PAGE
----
BY MATT SALIS
We often think of helping the marginalized and desperate in our community in terms of what we can do to save people in trouble. Help for the homeless means handouts of food and clothing. Help for battered women means protection through safe shelters. Help for those battling addiction means methadone clinics and free emergency medical care. Those services are important and lifesaving, but they do nothing to help the marginalized and desperate make strides toward a better future.
People in desperate need don’t want to be saved from the edge of disaster. They want help building skills that keep them away from the edge to begin with.
Lighthouse Writers Workshop is a Denver landmark providing training, inspiration, guidance and feedback to aspiring writers from their iconic and historic house on Race Street. Now, under the direction of Community Programs Coordinator Dan Manzanares, Lighthouse is taking what they have learned from a couple of decades in the house and engaging the marginalized and desperate out in our surrounding community. They aren’t rescuing people from the edge. They are developing writers and building confidence to help our neighbors in need help themselves.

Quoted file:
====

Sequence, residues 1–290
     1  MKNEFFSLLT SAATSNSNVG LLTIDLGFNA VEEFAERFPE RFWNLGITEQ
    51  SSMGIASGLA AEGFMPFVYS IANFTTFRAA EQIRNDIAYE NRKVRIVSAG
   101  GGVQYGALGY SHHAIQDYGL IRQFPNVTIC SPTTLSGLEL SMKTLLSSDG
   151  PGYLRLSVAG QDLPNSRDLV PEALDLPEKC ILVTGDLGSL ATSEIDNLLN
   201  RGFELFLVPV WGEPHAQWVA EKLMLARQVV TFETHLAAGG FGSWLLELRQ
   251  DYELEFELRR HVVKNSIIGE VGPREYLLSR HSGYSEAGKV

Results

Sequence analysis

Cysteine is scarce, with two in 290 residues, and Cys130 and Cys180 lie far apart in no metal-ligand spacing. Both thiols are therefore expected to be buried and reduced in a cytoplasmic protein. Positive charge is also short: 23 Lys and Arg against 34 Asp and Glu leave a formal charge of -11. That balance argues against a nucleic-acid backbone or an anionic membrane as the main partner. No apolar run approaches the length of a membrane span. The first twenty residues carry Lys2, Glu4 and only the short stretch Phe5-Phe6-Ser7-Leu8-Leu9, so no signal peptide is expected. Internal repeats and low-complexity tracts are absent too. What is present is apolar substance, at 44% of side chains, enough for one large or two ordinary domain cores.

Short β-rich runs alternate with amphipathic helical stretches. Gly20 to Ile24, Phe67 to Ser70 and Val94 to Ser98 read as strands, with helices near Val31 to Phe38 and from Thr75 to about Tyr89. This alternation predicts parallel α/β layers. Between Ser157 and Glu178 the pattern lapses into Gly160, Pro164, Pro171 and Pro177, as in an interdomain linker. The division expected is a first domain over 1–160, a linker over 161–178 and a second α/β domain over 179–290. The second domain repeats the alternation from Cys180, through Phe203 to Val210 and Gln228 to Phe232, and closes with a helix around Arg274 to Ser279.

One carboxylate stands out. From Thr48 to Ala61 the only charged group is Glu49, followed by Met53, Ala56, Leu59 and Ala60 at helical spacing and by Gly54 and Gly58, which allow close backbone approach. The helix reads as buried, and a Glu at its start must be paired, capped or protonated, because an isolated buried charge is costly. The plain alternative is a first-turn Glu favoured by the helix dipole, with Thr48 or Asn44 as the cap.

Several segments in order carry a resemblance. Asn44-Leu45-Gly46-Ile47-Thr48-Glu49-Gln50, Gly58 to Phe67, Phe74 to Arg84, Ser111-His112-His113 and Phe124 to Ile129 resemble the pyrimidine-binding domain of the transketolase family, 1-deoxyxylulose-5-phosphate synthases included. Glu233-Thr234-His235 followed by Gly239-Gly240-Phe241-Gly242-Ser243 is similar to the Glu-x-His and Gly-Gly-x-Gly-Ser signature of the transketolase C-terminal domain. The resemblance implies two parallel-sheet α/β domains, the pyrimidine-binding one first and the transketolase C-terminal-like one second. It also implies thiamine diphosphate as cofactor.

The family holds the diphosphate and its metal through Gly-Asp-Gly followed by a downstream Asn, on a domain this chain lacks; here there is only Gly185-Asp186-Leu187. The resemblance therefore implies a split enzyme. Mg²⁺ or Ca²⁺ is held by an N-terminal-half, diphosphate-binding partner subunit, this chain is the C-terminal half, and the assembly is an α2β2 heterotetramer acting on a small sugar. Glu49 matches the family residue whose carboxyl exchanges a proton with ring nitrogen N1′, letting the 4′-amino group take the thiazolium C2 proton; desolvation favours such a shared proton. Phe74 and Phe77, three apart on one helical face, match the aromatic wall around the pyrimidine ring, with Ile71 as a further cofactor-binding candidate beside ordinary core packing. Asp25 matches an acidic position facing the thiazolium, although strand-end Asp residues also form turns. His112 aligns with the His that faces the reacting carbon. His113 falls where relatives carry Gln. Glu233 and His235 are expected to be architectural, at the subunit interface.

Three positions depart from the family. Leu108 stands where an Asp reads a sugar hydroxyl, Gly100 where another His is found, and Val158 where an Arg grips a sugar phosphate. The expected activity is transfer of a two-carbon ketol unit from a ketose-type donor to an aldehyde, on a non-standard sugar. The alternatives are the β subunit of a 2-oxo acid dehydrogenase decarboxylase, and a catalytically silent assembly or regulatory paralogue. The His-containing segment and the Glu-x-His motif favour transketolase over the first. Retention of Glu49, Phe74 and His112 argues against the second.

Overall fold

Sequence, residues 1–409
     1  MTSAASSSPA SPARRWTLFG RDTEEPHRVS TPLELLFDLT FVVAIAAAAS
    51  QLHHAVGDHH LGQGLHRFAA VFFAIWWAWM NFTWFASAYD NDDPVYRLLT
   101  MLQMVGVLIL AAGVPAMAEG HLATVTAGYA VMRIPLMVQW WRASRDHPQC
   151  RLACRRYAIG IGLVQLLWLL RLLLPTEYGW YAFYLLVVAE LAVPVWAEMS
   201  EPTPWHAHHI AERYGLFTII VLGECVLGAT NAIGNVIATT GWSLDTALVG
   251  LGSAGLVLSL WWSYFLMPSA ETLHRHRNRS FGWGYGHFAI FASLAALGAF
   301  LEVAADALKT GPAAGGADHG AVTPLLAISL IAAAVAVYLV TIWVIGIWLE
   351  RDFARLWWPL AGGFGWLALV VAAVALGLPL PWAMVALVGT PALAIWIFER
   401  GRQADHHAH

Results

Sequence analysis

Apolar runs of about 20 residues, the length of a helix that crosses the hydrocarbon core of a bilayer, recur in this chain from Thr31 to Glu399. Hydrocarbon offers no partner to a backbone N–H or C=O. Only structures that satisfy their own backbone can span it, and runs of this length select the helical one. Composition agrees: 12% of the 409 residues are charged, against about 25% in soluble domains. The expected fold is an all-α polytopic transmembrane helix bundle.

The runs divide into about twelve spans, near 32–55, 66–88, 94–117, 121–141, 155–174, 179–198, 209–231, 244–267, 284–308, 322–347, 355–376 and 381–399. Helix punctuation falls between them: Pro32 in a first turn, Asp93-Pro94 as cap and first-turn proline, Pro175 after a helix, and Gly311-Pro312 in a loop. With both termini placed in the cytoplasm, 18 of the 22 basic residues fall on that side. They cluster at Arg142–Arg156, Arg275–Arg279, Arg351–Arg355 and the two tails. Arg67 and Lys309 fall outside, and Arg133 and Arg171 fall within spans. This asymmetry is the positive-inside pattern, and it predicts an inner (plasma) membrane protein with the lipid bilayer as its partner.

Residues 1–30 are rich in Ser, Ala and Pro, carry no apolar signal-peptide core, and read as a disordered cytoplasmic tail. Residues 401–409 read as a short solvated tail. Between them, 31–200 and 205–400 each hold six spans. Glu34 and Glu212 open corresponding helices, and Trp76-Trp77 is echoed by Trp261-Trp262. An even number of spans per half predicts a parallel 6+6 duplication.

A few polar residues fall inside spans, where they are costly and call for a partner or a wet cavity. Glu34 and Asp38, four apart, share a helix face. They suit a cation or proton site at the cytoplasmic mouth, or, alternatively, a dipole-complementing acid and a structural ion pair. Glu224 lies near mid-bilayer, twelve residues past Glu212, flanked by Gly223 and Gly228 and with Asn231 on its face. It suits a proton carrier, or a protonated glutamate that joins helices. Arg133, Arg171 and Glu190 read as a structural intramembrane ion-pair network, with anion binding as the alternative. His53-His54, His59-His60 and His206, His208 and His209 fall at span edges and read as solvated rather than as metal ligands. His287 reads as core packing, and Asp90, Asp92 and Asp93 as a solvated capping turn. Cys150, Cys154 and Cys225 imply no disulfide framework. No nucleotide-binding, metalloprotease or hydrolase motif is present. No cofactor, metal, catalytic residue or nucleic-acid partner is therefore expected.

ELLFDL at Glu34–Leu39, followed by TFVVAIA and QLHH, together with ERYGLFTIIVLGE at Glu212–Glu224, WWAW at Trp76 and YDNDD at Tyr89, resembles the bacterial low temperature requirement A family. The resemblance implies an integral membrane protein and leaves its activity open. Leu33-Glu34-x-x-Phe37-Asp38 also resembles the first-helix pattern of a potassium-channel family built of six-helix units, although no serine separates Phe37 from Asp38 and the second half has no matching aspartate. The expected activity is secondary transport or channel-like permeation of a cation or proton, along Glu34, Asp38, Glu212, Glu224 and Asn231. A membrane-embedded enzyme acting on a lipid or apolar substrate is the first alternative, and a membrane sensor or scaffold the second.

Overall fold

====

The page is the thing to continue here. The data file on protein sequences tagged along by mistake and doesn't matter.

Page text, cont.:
Hard Times Writing Workshop
It started in 2016 with the Hard Times Writing Workshop at the downtown branch of the Denver Public Library. The downtown branch has long served as a bastien of warmth and shelter for Denver’s homeless population, and they are always looking for ways to provide more than just shelter. The DPL was eager to partner with Lighthouse to offer writing sessions complete with instruction and editing to give our Denver homeless community a way to express themselves.
“It is about way more than teaching writing skills,” Dan explains. “We give our writers a way to be seen, be heard and form community.” Dan says that vivid and passionate writing is only one aspect of the outcome from the weekly workshops. The confidence that the writers gain when they see their expressions and efforts transformed into a finished written project leads to an overall improvement in satisfaction. The writers often take that confidence and apply it to reentering the workforce and finding a way to get off the street and into a better personal situation.
A lot of the confidence gained comes from seeing their work published. The Denver Voice, a publication devoted to helping our neighbors who are experiencing homelessness, publishes a variety of the pieces crafted by writers at the Hard Times Writing Workshops. And the writers get paid for their work. Confidence, satisfaction, life-skills and a financial reward for their effort – you can’t argue with the success of this three-way partnership between Lighthouse, the Denver Public Library and the Denver Voice.
Dan and the team at Lighthouse have been so thrilled with the success of the Hard Times Writing Workshop at the downtown library that they have taken the format deeper into the community to serve residents at halfway houses, cancer patients at UC Health, veterans at the VA, homeless populations served by the Arvada Public Library and more with several new projects planned including one at the Denver County Jail reentry center.